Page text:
Then the last category would really be that niche strategy that we're looking at to be really a preferred participant in primarily the LA market, but also a few other select markets in those gateway cities, where the local bank has a house name, where they want to do a deal and they prefer not to bring in a competitor within the market since we've worked with them over many years, they are bringing us in. And so these are very high quality projects. Those, in particular, have a higher percentage of multifamily. But Ralph, anything to add to that?

Ralph Mesick -- Chief Risk Officer

Yes, so if you took -- we have about $786 million on the mainland. And about half of that is sort of old Hawaii families. These are like 1031 Exchange properties, very low LTVs. They tend to be on the West Coast, although we have some in the Denver area and as far as the Midwest for some industrial properties.

And then with the other half, as Bob said, it's really kind of about I think 50-50 between office and multifamily. So that's sort of the book right now with a little bit of industrial, not a lot.

Jared Shaw -- Wells Fargo Securities -- Analyst

OK. Got it. And then of your hotel book, the $368 million, do you happen to know how much is on the mainland of that?

Ralph Mesick -- Chief Risk Officer

We have a small, maybe a couple of ones on the mainland, and this is with private clients. So it's primarily here.

Bob Harrison -- Chairman, President, and Chief Executive Officer

Yes. Long time customers of ours.

Laurie Hunsicker -- Compass Point -- Analyst

Yes. OK. OK. And then just turning to construction.

Just same question. In other words, 40% here is Hawaii. What -- the other 52% that's mainland, just very high level, what is the main category here that breaks?

Ralph Mesick -- Chief Risk Officer

Primarily multifamily.

Laurie Hunsicker -- Compass Point -- Analyst

Primarily multifamily.

Bob Harrison -- Chairman, President, and Chief Executive Officer

That piece is primarily multifamily, yes.

Laurie Hunsicker -- Compass Point -- Analyst

OK, OK. That's helpful. And then looking at Slide 8, just going back to retail. So of your $737 million, can you help us think about what's retail service versus retail shopping? I know you mentioned you have some malls.

But do you just have collectively the dollar exposure, the percentage exposure of that $737 million that breaks into retail service versus retail shopping?

Ralph Mesick -- Chief Risk Officer

I don't have that. I'm not sure I'm following what you're...

Bob Harrison -- Chairman, President, and Chief Executive Officer

I'm not sure what you mean between retail service and retail shopping, Laurie. Can you clarify that, please?

Laurie Hunsicker -- Compass Point -- Analyst

Sure. Like retail service is, grocery stores, hardware, that type of thing versus retail shopping as clothing.

Ralph Mesick -- Chief Risk Officer

Yes. We have probably three or four properties that are primarily sort of retail shopping. A lot of the book is -- a big chunk of the book is really smaller stuff and a lot of -- and our largest -- some of our largest loans are grocery-anchored shopping centers.

Bob Harrison -- Chairman, President, and Chief Executive Officer

And the retail service, as you would define it.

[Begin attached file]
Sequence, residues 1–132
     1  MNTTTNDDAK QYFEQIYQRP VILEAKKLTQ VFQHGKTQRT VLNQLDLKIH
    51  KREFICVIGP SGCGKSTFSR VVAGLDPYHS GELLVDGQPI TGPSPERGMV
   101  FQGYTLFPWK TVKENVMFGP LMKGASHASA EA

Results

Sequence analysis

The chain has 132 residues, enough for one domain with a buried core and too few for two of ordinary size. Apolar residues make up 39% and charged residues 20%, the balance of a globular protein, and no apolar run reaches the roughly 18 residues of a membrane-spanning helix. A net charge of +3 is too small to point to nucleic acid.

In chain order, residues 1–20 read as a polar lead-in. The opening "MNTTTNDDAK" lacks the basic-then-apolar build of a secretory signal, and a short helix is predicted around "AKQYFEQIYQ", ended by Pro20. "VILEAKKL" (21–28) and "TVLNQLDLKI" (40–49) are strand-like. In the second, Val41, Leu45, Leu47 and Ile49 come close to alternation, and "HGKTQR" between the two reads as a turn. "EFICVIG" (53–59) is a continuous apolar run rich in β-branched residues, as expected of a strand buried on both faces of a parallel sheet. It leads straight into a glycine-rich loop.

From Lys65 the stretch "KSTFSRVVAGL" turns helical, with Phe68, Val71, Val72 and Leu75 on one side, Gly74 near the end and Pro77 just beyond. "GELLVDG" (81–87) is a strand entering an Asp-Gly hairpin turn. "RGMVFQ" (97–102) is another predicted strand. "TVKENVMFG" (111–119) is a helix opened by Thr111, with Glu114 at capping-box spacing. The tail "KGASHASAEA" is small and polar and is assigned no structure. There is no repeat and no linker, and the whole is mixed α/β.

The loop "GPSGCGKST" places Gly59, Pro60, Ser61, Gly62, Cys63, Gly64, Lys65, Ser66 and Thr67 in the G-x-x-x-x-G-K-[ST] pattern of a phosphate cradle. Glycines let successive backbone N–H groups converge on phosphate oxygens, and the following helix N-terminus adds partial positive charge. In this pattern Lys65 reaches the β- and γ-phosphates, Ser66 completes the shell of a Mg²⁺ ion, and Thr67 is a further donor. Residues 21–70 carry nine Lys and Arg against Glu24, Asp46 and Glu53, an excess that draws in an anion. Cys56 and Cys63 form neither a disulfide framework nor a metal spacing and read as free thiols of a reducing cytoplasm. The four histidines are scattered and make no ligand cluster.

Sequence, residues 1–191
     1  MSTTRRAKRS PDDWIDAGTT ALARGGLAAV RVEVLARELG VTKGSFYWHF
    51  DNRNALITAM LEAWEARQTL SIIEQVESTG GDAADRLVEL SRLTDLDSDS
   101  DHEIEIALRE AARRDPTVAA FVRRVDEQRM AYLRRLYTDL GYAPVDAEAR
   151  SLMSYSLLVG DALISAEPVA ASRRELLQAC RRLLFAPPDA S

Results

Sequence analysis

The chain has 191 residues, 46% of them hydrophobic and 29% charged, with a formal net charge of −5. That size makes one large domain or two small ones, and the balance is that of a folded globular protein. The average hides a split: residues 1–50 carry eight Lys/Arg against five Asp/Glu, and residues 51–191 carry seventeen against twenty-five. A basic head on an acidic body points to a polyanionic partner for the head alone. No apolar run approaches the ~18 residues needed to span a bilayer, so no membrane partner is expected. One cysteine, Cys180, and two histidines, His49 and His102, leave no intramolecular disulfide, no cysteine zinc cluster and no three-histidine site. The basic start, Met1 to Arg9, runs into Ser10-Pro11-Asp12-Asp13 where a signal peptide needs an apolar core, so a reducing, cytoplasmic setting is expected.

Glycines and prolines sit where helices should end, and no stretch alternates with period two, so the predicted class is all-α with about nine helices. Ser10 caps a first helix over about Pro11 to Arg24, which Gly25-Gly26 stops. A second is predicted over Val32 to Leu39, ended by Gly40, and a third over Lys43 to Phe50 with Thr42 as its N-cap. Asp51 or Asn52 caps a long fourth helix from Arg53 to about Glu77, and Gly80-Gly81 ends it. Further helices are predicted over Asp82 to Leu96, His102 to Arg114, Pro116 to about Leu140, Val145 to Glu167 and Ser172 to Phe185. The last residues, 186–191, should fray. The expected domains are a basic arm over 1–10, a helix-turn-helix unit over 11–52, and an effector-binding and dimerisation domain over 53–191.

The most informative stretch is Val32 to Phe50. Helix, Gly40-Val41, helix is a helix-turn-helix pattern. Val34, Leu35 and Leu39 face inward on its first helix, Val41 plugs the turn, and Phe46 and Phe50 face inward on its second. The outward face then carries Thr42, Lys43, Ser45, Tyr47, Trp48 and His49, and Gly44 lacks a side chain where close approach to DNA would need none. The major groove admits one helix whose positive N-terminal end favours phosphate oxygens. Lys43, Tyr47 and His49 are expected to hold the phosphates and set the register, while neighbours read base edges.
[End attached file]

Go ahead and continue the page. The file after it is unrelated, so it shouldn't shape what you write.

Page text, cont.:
Ralph Mesick -- Chief Risk Officer

Yes, yes.

Laurie Hunsicker -- Compass Point -- Analyst

OK, OK. That's helpful. And then at the bottom here, I see this but no -- little or no direct exposure which is great. But I just want to confirm, in terms of oil, are you at 0 or is there a dollar number on your exposure?

Bob Harrison -- Chairman, President, and Chief Executive Officer

There is a de minimis retail gas station number based in Hawaii. But that's it.

Ralph Mesick -- Chief Risk Officer

Yes.

Laurie Hunsicker -- Compass Point -- Analyst

That's it, basically 0. OK. That's helpful. And then just going onto the consumer on Page 9.

Just wondered if there was a little bit more color on both the credit cards and the other consumer. And I realize these are smaller categories here, but just wondered how much of that is sort of in footprint versus out? And what is below 660 in both of those categories. And then maybe also on your other consumer, is there anything in there like prosper, lending club, anything like that or what is that?

Bob Harrison -- Chairman, President, and Chief Executive Officer

Maybe to cover that first. We don't do any purchase of loans from Fintech. So that number 0. And then going back to the credit card, we used to have a mileage card associated with Aloha Airlines before it went bankrupt.

And so that -- many, many years ago, and we converted that to our own cards. So we do have customers on the mainland that continue to carry our card because of really that -- I mean, different reasons, but primarily that. So there's a bit of that, but primarily, we're in market. I don't have the percentages off top of my head, but that just is a broad scope.

Laurie Hunsicker -- Compass Point -- Analyst

OK, OK. And then what do you know of those two portfolios or however you want to break it out, what is actually sitting below the 660 line on FICO?

Bob Harrison -- Chairman, President, and Chief Executive Officer

I don't have that with us. And I'm not sure. If we do release that, we'll come back to you with it. But I'm not sure we release that type of information.

Laurie Hunsicker -- Compass Point -- Analyst

OK. Great. And then, Bob, just last question to you. I know now you've mentioned it twice in terms of -- you're on this committee to open back up Hawaii which I saw that.

You and Pete are both on it. And I was reading some articles around it, and it's fascinating because in terms of thinking about how travelers to Hawaii are going to be treated, it's a little different than almost anywhere else in the U.S. and that there's one thought out there about involving U.S. customs and TSA and the State Department of Transportation.